AP Testing and Ancillary Services

Email of the Day:
Having completed the AP coursework as homeschoolers, my student is not looking to sit the AP exams, but our local school has turned us away, saying they don’t all “outside” students in. Aren’t we part of the school district? Can they do this?


Short answer: yes (you are part of the district) and no (they can’t turn you away).

WA law (RCW 28A.150.350) provides for homeschoolers and private schoolers to attend their local school on a part time basis and/or to access ancillary services at in their local school district.
WAC 392-134-005 defines these terms:
(1) “Ancillary service” shall mean any cocurricular service or activity, any health care service or activity, and any other services or activities, except “courses,” for or in which preschool through twelfth grade students are enrolled by a public school. The term shall include, but not be limited to, counseling, psychological services, testing, remedial instruction, speech and hearing therapy, health care services, tutorial services such as home or hospital instruction for the physically disabled, and sports activities;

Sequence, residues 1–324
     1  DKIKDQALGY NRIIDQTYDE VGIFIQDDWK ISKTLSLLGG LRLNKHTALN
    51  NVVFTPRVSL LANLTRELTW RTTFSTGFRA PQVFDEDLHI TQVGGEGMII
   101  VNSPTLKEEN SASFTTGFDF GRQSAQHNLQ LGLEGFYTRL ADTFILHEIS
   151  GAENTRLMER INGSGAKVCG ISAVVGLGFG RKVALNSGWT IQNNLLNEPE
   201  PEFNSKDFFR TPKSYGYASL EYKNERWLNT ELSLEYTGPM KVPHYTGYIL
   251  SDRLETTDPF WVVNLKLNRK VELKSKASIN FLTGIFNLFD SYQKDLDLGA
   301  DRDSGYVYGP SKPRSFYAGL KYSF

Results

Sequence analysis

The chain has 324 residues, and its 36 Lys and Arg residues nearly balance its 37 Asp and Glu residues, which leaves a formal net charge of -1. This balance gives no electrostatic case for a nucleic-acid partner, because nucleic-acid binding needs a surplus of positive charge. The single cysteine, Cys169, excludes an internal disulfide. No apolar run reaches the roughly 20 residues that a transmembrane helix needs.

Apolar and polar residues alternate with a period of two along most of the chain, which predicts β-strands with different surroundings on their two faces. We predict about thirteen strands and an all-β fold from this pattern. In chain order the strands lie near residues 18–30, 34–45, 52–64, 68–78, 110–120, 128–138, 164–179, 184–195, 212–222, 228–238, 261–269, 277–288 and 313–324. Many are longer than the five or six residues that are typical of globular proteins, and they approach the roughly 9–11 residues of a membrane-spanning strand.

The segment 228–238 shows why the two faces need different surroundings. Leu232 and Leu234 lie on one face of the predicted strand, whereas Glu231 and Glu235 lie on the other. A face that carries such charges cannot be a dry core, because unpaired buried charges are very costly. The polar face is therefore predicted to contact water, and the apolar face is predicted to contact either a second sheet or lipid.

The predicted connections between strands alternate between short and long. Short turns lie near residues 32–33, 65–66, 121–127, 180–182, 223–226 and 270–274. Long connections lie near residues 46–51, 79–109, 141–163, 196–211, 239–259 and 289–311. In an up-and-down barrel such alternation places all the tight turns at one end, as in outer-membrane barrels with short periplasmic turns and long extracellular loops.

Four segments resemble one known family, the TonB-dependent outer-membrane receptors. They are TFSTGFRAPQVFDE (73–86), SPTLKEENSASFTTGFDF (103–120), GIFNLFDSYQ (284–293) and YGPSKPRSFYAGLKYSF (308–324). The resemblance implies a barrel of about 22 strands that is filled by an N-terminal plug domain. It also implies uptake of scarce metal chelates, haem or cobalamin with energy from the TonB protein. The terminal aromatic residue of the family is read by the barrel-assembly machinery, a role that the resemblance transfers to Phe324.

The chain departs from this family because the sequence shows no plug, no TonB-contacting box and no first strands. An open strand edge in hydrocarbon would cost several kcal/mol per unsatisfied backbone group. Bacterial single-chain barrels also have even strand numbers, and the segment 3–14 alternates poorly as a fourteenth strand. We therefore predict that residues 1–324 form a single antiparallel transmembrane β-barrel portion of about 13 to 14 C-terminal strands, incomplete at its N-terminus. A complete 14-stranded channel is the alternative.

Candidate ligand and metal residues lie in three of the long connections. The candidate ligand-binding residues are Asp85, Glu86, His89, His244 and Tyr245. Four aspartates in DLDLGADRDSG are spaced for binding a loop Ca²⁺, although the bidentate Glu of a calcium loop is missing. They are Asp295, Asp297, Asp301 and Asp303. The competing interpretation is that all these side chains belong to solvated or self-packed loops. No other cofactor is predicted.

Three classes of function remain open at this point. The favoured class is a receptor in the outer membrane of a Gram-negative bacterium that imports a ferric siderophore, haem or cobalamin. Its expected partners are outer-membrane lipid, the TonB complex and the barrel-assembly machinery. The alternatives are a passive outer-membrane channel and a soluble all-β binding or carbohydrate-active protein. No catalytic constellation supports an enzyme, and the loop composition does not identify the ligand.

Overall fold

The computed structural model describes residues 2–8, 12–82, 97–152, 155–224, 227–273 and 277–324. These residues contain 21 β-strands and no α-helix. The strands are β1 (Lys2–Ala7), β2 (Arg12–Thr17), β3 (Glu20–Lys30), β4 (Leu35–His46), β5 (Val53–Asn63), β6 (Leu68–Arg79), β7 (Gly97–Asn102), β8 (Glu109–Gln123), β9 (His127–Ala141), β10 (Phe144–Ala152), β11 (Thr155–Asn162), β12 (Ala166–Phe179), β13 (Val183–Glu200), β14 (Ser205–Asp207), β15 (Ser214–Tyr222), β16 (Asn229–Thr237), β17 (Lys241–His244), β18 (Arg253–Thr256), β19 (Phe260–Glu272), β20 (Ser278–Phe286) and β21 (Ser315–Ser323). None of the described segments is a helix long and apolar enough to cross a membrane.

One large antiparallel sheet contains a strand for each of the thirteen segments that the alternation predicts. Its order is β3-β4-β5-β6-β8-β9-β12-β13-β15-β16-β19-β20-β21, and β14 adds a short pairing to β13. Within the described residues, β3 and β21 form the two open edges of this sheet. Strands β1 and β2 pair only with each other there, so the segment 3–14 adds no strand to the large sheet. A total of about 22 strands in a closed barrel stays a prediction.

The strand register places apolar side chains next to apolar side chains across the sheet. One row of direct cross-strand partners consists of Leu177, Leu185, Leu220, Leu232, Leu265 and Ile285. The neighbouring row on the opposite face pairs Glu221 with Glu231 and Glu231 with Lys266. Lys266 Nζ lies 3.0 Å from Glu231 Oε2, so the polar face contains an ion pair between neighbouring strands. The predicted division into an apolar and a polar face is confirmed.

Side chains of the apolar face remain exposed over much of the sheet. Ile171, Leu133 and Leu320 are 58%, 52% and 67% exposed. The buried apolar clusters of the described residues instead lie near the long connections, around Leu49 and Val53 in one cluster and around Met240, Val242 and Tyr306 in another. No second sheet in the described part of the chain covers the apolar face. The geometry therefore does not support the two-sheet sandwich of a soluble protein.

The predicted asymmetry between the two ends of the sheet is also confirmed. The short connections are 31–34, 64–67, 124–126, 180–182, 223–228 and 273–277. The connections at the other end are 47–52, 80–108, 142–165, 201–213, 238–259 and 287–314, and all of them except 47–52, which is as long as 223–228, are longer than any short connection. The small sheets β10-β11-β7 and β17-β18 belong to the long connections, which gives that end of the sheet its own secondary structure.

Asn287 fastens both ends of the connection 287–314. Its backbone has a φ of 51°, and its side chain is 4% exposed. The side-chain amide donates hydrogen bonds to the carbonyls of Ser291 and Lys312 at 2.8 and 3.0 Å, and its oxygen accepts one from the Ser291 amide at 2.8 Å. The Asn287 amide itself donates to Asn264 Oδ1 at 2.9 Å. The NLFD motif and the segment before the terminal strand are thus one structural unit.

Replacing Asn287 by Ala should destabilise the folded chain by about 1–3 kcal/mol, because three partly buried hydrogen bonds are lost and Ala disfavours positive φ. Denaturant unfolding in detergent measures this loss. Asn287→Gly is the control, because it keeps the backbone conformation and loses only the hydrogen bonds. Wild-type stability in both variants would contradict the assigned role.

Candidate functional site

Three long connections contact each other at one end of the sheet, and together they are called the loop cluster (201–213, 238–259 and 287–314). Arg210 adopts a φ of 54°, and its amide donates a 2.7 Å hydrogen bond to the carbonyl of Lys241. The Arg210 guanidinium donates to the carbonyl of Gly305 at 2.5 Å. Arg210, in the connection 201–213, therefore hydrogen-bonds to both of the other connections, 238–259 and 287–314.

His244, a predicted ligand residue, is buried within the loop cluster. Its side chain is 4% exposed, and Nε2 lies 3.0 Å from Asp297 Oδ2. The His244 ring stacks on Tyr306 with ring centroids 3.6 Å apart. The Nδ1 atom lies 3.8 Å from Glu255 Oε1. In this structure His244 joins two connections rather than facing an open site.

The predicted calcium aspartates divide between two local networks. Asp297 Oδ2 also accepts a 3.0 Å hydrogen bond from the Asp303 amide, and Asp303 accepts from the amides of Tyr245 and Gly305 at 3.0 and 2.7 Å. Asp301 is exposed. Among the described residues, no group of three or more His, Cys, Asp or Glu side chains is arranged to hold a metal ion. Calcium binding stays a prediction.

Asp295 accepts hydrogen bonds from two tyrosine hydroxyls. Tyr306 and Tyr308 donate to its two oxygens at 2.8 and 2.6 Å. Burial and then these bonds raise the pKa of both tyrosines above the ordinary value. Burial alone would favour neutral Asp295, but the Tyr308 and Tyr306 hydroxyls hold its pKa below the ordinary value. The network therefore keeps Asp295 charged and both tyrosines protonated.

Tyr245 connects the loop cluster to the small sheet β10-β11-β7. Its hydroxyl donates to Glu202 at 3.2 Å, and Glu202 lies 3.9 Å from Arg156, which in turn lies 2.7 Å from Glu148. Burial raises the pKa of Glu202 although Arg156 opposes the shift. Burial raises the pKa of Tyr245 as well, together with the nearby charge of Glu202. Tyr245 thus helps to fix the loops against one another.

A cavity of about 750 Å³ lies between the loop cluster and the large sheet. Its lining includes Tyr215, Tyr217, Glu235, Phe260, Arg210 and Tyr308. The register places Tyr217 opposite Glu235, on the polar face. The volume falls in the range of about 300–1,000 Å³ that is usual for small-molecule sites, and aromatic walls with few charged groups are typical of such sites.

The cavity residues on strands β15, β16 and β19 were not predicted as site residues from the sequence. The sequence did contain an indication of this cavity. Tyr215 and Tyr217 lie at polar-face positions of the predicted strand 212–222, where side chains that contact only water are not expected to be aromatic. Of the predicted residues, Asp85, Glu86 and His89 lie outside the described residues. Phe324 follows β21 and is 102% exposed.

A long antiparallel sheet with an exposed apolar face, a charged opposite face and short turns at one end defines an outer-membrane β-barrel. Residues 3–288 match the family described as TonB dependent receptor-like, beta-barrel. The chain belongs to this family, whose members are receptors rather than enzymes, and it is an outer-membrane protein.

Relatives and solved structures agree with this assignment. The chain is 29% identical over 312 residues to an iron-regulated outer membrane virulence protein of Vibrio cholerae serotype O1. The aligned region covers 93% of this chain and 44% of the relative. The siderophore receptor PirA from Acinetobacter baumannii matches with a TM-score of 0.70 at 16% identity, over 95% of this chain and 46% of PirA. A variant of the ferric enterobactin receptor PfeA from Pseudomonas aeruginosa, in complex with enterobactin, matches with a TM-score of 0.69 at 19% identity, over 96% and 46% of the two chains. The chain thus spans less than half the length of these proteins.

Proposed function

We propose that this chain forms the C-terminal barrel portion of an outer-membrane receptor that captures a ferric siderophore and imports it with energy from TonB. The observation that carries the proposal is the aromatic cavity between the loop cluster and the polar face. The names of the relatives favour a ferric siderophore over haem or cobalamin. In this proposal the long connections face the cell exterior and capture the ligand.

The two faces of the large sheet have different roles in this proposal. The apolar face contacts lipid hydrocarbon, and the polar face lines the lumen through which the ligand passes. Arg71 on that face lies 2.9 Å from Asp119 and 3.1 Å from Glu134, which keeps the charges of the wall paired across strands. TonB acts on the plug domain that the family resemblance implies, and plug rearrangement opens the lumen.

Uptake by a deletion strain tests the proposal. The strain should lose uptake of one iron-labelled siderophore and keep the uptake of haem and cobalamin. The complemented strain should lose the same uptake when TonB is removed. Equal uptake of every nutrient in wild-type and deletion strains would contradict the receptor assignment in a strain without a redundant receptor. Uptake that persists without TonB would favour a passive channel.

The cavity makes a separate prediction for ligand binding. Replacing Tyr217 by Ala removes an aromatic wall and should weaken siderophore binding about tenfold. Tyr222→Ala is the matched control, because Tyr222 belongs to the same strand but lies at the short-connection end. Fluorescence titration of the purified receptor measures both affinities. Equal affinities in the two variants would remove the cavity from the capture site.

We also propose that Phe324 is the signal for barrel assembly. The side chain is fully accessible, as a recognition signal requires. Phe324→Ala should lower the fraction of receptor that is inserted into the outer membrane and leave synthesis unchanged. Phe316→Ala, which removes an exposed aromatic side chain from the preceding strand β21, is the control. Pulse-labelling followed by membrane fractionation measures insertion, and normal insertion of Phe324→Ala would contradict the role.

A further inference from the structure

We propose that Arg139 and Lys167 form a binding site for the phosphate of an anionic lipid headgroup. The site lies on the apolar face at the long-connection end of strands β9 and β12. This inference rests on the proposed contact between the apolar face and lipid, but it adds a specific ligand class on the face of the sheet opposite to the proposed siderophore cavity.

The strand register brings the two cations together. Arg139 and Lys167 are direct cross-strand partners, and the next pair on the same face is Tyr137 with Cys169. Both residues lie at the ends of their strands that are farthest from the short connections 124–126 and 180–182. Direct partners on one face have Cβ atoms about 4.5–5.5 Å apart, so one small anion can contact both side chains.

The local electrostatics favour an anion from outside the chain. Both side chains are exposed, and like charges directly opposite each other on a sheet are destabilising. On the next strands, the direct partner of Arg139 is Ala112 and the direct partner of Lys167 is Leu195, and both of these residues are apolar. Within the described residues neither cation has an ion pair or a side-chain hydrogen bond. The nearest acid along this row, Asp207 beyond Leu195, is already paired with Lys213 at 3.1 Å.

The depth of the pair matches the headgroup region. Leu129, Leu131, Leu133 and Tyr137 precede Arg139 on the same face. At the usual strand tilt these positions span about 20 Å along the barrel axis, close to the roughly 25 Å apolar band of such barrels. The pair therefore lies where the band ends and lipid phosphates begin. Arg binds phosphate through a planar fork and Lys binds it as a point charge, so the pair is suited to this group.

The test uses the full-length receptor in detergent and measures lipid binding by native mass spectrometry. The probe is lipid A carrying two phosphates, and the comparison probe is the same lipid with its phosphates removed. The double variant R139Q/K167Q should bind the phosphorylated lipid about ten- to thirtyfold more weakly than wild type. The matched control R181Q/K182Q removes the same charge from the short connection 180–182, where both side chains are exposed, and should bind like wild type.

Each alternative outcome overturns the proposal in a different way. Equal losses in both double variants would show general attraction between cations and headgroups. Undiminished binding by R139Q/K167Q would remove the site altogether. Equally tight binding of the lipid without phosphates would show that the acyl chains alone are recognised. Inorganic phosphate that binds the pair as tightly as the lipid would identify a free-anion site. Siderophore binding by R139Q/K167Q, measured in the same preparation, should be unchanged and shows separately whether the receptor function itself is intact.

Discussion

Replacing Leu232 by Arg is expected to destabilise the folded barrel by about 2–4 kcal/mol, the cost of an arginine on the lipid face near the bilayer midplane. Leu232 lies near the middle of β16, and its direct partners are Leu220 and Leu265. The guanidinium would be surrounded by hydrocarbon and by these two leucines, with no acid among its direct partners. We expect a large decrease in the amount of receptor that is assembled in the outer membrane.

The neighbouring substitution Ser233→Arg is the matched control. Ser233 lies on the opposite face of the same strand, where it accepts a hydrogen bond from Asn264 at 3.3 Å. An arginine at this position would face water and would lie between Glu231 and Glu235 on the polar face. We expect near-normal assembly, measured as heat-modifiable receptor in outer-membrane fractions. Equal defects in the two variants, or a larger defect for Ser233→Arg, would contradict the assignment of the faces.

(2) “Course” shall mean any instructional curricular service or activity in which preschool through twelfth grade students are enrolled by a public school;

WAC 392-134-020 provides for equal treatment: (1) Courses, ancillary services, and any combination of courses and ancillary services shall be provided to part-time public school students at the same level and quality as provided by the public school to full-time students;

And WAC 392-134-030 conditions school funding on compliance with the law.

I spoke with Barbara Dietrich at the OSPI (360.725.6097) who agrees that the AP Exams are covered under the ancillary services in the law, and should be provided to homeschoolers in district at the same level and quality as provided to the full time students, per the law.

If you (or others) would like me to contact the district on your/their behalf, I’m happy to, but I think, armed with the law, you can make the case as strongly as I.

Let me know if I can be of further assistance.
–Jen Garrison Stuber, WHO Board Advocacy Chair